I said it was kind of like the Macy’s parade, okay?
There were tamale baskets galore. Traditionally, these are baskets given as gifts that are filled with ingredients for making tamales. More commonly, though, they’re a random assortment of grocery store goods like fresh fruit, rice, Pepsi, marshmallows, refried beans, and cookies.
Every shop in town was decorated with colorful (but maddeningly musical) lights, and many stores spread pine needles over their floors, invoking the scent of a Christmas tree without the tree.
Why you’d want a mess on your floor instead of a tree for decorating was a mystery to me, but nowhere near as big a mystery as Guatemala’s obsession with fireworks.
Have you ever been to a war zone? I have not, but I did recently see Triage, the Colin Ferrell movie about a war photographer, and some of Kurdistan scenes kind of reminded me our Christmas Eve. Over the course of December, dozens of stalls dedicated solely to pyrotechnics appeared on Pana’s streets. Everyone from little girls in traditional dress to teenagers and adults stocked up the types of fireworks only professionals would be legally allowed to use in the States.
And at midnight on Christmas Eve, they all went off. We were on the bridge that connects our neighborhood to the main part of Pana right at 12:00 a.m., and I thought we were going to die. Fireworks went off everywhere—in the streets, on rooftops, and in backyards. The acrid-smelling air filled with the whistling sound of fireworks flying in every direction. Some shot straight up, forming sunbursts in the sky. Others went off with deafening pops just a few feet away from us. We ran to our house in fits and starts, taking cover when necessary, and doing our best to avoid teenagers who aimed fireworks at each other. When we finally made it home, I was shaking. Clearly, 8 lb. 6 oz. newborn infant Jesus was trying to tell us something: Next year, go to midnight mass.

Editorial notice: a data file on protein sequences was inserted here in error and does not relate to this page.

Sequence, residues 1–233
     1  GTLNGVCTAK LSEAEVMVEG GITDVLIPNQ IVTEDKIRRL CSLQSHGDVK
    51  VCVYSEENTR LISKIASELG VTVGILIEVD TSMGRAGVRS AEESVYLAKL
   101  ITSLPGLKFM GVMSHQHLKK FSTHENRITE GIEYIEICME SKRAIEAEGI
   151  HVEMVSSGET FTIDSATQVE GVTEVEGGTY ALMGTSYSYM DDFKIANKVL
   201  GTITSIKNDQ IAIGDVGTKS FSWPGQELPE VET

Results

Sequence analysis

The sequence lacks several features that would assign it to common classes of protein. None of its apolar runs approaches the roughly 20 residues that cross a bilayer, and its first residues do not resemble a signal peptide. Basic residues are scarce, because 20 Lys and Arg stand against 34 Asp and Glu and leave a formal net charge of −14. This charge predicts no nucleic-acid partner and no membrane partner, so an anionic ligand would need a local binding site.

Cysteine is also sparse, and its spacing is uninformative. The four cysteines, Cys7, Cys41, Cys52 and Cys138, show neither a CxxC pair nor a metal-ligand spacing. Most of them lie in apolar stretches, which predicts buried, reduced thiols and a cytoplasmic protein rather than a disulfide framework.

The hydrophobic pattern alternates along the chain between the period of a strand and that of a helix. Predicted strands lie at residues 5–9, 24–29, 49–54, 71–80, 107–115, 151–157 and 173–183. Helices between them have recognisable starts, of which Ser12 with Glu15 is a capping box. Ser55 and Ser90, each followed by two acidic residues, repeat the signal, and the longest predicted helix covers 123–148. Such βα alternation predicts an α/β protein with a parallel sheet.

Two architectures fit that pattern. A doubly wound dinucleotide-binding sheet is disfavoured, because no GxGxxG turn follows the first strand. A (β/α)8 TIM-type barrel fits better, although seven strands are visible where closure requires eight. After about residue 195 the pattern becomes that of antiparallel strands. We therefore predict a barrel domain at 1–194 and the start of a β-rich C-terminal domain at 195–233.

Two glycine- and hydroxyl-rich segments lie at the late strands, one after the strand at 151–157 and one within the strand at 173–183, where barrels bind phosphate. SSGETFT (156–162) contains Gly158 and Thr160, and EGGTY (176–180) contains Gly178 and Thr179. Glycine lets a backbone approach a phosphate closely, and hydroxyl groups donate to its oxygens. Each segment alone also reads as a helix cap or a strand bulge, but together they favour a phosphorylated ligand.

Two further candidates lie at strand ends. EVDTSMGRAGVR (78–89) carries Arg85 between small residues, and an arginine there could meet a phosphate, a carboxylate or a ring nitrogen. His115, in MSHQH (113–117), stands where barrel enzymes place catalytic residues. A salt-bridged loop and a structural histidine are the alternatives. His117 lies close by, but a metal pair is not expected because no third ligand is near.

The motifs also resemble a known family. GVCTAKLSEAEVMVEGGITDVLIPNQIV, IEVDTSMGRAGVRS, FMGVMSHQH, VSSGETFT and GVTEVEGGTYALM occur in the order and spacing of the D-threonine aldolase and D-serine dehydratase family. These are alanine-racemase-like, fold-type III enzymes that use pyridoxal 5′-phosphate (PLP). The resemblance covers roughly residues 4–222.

Except that we had gone to mass, just earlier in the evening. Before the service started, we spent a few minutes admiring the church’s decorations and then headed out to see Panajachel’s Christmas tree, located in the church plaza. I should note here that by “tree,” I’m not referring to a Norway spruce from Vermont. By “tree,” I mean a tall, triangular steel frame covered in pine branches, spray painted green, and decorated. And the “tree” we went out to see was actually Pana’s second of the season. Fireworks burnt the first one down.
The next day was Christmas day, and we awoke to our usual blue, sunny skies and near 90-degree temperatures. Despite the heat, we made roast turkey and cookies and watched The Christmas Story (twice). It was a nice day, it was a fine day, but in all honesty, I couldn’t wait for December 26th. For despite our best efforts–and Pana’s enthusiasm–the holidays just never felt quite right. For me, palm trees, sunscreen, fireworks, and the thought of slow-melting snowmen will never say feliz navidad. Nevertheless, the cookie crumbs in my bathing suit are still a [tasty] reminder of a fun month.